York, North Yorkshire, YO60 7DA
Castle Howard is perhaps the most famous stately home in the north of England and certainly ranks amongst the top ten in the country. Visitors go for the grandeur of the house built by the architect Sir John Vanbrugh and its landscape gardens with follies. They also go because of a certain television adaptation of Evelyn Waugh’s novel “Brideshead Revisited” where many evocative scenes were filmed around John Thomas’s Atlas Fountain.
Indeed around the south parterre are the remains of the yew hedging which have been grown as battlements. I say remains as if there aren’t many left but actually they still provide a grand sight surrounding the fountains and delineate a space which is quite theatrical. Indeed many productions and events are held there throughout the year.
To one side of the house however, immediately behind the Lodge is a garden on a more modest scale which has low level parterres and specimens as well as pool and statuary and is the sort of garden for a gentle stroll on a summer’s evening. Of course this is Castle Howard so the term modest needs to be taken into context but the garden is a great delight after the wide open spaces that you would expect in such a parkland setting.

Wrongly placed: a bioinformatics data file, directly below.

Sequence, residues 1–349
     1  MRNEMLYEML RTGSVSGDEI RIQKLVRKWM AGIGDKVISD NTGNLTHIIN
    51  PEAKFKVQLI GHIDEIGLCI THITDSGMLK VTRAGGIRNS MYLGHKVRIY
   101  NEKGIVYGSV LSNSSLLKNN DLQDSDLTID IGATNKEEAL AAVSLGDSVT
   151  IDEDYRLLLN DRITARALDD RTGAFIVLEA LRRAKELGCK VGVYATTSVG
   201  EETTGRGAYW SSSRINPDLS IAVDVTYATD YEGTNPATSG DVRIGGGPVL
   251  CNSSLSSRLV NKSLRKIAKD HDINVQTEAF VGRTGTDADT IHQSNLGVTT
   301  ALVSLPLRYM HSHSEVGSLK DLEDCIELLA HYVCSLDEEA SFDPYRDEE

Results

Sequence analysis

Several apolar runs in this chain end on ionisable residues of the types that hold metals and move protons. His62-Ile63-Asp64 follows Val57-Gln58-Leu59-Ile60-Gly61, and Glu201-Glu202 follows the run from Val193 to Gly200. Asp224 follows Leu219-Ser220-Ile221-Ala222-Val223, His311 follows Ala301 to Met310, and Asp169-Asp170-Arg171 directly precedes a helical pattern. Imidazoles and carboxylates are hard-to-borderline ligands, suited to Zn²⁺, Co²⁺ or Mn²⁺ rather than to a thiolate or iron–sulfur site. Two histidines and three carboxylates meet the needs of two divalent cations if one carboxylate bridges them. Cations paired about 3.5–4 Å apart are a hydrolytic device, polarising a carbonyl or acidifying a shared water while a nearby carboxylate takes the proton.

The whole is divided into a series of rooms by yew hedging and there are some fine arches for the fledgling topiarist to marvel at.
Besides the more usual yew and box you will find beech hedging on a large scale and lavender hedges on the small and the whole gives a sense of measured proportion.
You could almost feel that you had traveled to Rome by the feel of the side garden with its parterres, pools, statuary on a small scale and Italian cypress marking the boundaries. By all means visit the house and see the story of the Howard Family and all their military endeavours but don’t just expect to see estates on the grand scale as the topiary garden is an unexpected delight for those who would normally head for the front door first.
All photographs by Anthony Blagg
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